✆ If you notice discoloration of the bulge
Complications If Not Treated
There are no complications recorded so far with regard to children. However, in adults, complications have been observed. The bulge or protrusion of the section of the intestine may endure pressure leading to strangulation. This truncates the blood supply completely, resulting in what is regarded as strangulated hernia, which may in extremely complicated cases lead to gangrene. The abdominal walls and the cavity in entirety, may be affected due to the inflammation posing a threat to the individual's well-being. If a situation of this ilk occurs, an emergency surgery ought to be conducted.
As far as diagnosis in babies is concerned, it is through physical examination that the doctor gathers the requisite information. The doctor may look for possibilities to push the bulge back into its position. In adults, too, it is with the help of physical examination and certain medical procedures that the condition may be diagnosed. An ultrasound of the abdomen, or the conduction of an X-ray may be prescribed to grasp the propensity of the condition.
Performing surgery becomes important if the hernia is stuck abruptly in a bulging position. In fact, surgery is the only available option if complications, like non-closure by the age of 4 and insufficient, or cut off in the blood supply arises. Surgery, considerably reduces the risk of the hernia growing with the passage of time. So far, it has not been proved scientifically that the use of bandages and other such articles are useful in the reduction of the hernia. Thus, these methods may not be guaranteed to seek desired results. During the actual surgery, the surgeon may either stitch the abdominal walls, or simply use a mesh and then stitch it to the walls of the abdomen. The surgical process is simple and is usually performed by giving the patient general anesthesia. Preparing children for the surgery can be quite challenging at times, and it requires patience and presence of mind.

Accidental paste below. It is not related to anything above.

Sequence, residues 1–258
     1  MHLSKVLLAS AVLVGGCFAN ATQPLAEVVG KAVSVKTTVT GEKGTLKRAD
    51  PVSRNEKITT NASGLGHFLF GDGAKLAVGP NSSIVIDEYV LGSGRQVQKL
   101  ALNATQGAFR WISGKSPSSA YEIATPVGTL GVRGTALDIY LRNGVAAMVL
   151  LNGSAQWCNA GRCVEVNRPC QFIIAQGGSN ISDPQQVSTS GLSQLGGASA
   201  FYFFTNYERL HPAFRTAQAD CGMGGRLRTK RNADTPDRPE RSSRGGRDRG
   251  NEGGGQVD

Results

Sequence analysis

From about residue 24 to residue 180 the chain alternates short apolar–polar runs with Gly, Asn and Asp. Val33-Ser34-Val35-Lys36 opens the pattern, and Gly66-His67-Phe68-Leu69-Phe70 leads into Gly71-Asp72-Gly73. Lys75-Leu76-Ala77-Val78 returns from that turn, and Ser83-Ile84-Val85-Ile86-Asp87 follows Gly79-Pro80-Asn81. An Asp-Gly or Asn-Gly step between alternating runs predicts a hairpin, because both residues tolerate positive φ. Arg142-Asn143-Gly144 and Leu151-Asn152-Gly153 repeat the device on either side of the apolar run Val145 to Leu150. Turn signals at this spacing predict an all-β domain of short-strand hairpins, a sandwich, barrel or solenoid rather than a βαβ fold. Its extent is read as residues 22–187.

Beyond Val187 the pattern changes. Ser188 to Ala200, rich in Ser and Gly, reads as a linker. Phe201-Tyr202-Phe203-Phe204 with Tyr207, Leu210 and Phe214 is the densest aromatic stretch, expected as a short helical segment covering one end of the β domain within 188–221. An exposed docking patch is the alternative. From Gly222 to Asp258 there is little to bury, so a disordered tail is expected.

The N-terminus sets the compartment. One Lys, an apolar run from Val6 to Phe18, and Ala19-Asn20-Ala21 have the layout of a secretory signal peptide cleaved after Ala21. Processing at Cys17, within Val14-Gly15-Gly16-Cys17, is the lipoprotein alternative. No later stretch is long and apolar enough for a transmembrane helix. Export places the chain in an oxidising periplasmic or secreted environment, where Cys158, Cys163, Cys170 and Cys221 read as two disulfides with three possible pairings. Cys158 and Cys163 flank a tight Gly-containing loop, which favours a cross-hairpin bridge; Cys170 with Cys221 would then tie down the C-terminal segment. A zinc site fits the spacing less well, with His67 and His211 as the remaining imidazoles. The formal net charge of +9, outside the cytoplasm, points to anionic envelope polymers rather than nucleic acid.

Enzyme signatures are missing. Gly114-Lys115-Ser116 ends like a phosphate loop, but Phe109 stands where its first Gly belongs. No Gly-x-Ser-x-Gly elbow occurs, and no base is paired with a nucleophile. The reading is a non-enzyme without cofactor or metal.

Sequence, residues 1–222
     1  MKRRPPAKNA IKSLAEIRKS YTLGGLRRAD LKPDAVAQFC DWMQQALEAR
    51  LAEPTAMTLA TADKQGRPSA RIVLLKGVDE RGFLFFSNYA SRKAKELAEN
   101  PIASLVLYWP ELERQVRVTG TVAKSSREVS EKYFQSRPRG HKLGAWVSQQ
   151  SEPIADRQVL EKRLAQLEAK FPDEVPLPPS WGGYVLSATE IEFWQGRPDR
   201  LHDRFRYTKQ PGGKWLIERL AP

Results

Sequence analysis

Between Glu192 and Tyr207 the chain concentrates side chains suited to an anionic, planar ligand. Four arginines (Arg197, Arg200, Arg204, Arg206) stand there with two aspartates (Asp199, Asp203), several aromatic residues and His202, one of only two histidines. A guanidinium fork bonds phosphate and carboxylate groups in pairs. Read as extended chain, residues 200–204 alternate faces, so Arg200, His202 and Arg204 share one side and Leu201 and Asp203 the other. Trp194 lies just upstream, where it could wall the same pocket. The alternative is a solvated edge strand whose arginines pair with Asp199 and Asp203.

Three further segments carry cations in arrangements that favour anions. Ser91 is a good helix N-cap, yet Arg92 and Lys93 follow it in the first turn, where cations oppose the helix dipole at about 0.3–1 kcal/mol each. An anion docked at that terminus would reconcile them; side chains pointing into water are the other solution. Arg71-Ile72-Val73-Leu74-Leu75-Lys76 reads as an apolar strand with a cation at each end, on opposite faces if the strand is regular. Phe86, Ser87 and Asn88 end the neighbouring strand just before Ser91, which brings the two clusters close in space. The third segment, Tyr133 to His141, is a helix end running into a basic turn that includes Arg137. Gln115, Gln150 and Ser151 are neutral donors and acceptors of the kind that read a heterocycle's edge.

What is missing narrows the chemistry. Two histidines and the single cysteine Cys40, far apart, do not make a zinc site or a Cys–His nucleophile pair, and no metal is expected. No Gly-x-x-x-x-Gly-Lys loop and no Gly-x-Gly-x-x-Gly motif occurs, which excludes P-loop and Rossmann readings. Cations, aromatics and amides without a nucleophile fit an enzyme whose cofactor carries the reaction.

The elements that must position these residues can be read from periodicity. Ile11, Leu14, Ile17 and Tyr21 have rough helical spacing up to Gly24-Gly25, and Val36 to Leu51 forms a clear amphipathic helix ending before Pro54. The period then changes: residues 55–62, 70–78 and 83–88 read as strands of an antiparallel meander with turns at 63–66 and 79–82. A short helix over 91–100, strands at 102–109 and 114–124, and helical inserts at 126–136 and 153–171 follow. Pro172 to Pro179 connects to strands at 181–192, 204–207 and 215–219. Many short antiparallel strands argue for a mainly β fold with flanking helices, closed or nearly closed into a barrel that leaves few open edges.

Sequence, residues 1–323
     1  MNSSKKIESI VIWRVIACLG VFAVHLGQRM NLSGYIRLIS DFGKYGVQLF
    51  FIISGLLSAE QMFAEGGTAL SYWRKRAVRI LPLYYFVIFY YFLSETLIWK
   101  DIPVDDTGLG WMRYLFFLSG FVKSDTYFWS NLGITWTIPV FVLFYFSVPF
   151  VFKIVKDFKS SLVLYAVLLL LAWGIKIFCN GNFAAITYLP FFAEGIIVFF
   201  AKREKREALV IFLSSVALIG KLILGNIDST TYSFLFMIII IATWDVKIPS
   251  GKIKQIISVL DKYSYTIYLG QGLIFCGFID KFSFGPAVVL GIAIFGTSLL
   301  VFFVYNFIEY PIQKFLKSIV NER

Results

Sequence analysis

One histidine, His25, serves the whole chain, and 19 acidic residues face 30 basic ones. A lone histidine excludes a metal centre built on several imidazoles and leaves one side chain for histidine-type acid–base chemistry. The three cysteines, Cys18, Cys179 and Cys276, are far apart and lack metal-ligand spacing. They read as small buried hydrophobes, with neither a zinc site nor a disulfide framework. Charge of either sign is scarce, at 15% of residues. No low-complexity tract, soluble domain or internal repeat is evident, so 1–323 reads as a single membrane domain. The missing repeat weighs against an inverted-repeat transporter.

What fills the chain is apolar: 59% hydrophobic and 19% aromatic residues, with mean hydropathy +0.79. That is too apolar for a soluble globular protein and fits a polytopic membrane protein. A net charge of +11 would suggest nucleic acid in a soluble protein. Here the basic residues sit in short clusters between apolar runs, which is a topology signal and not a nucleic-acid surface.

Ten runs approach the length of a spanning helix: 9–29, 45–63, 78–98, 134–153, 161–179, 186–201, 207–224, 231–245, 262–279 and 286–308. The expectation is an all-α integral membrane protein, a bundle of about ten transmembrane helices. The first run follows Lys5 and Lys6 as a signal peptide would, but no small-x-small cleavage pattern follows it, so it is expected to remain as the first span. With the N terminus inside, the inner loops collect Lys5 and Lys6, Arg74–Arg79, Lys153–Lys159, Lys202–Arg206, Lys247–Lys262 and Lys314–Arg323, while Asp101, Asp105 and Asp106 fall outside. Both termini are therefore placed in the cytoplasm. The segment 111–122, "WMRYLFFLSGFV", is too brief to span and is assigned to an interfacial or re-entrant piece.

The surgery begins only after the patient is administered with anesthesia. The surgeon will use his surgical knife to make a cut in the abdominal region. The next step is to detect the hernia and separate it from the tissues that are found around it. After removal, the surgeon will use strong stitches, or place a mesh piece for fast healing of the deep cut. The mesh piece is permanently placed to avoid a relapse of the condition.